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The pace of economic growth in Canada slowed in August as real gross domestic product grew 1.2% in the month, Statistics Canada said Friday.

The rise compared with a revised 3.1% gain in July, up from its initial reading for the month of 3.0%.

The report came as the agency also released a preliminary estimate for a gain of 0.7% in September to bring growth in the third quarter to about 10%.

Economists on average had expected an increase of 0.9% for August, according to financial data firm Refinitiv.

TD Bank senior economist Sri Thanabalasingam said Canada’s economic recovery is losing steam as it moves into the recuperation phase, where additional gains will be harder to come by.

“We are now in a phase of the recovery that could see strong winds and dangerous tides,” Thanabalasingam wrote in a report.

“Navigating through the turbulence will not be easy as much will depend on the course of the virus. Getting the spread under control could right the ship, but seas will remain choppy without a vaccine or effective treatment. Calmer waters are still a long way away for the Canadian economy. “

Cases of COVID-19 have been rising in recent weeks leading to increased restrictions on businesses in some areas of the country, however the rules have not yet returned to levels seen in the spring when non-essential businesses were forced to close.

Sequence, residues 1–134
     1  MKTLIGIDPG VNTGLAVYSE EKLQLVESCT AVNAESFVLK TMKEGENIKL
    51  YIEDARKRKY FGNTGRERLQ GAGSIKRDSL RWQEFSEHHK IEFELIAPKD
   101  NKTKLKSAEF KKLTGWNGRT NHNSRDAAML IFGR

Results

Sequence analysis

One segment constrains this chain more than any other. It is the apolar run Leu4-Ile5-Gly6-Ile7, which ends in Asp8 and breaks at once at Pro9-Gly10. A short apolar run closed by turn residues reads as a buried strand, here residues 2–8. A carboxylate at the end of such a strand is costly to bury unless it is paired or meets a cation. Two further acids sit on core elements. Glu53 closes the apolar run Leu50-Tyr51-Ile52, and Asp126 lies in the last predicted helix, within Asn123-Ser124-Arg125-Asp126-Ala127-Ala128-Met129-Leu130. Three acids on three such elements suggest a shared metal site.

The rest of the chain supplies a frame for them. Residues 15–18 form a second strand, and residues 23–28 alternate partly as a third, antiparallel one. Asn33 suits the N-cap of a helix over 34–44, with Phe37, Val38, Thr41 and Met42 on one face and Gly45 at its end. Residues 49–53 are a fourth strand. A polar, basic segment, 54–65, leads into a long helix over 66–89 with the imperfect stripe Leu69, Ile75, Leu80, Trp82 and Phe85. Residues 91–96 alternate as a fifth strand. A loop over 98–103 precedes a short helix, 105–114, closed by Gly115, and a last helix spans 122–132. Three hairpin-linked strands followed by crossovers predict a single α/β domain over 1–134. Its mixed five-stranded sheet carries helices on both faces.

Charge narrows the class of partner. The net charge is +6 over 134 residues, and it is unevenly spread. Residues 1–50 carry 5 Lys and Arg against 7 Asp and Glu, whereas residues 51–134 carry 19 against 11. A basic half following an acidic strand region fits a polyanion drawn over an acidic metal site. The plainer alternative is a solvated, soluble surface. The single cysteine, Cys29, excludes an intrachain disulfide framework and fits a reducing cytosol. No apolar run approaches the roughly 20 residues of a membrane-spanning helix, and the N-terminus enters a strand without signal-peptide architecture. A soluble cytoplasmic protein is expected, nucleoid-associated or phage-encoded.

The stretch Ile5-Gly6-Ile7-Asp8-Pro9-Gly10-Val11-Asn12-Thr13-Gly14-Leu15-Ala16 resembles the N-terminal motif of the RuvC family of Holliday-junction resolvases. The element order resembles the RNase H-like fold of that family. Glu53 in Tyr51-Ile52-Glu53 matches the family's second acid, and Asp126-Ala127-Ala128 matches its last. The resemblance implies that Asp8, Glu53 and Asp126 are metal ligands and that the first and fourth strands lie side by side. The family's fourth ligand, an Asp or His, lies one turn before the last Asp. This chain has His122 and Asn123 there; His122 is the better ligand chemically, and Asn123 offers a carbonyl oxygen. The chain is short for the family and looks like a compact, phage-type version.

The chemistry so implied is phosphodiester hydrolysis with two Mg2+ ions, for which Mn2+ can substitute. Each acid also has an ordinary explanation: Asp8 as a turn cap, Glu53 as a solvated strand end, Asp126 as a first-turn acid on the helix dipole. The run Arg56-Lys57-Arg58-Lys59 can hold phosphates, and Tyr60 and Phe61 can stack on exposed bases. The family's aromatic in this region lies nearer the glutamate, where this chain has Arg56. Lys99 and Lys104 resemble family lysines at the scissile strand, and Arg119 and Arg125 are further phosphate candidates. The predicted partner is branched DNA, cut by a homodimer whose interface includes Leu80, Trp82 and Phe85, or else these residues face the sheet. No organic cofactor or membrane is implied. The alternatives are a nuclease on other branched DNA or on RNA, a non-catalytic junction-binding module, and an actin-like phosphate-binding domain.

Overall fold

Bank of Montreal chief economist Doug Porter said the way forward has been deeply clouded by the second wave and renewed restrictions, so growth will cool considerably in the fourth quarter.

“However, we suspect that with ongoing massive fiscal support, less restrictions than earlier, and, simply, that consumers and businesses have learned to operate in this new environment, the late-year setback should be relatively mild. In fact, we continue to expect modest growth overall for Q4,” Porter wrote.

The growth in August came as goods-producing industries rose 0.5% and the services industries climbed 1.5% as overall 15 of 20 industrial sectors posted increases and two were essentially unchanged in August.

The public sector, which includes educational services, health care and social assistance, and public administration, grew 1.9% in August, as all three components rose. The education sector climbed 3.4%, while health care and social assistance rose 1.6%. Public administration gained 1.2%.

The arts, entertainment and recreation sector climbed 13.7%, while accommodation and food services rose 7.3% in August. The manufacturing sector added 1.2%.

Statistics Canada said overall economic activity for August was still about five% below the pre-pandemic level in February.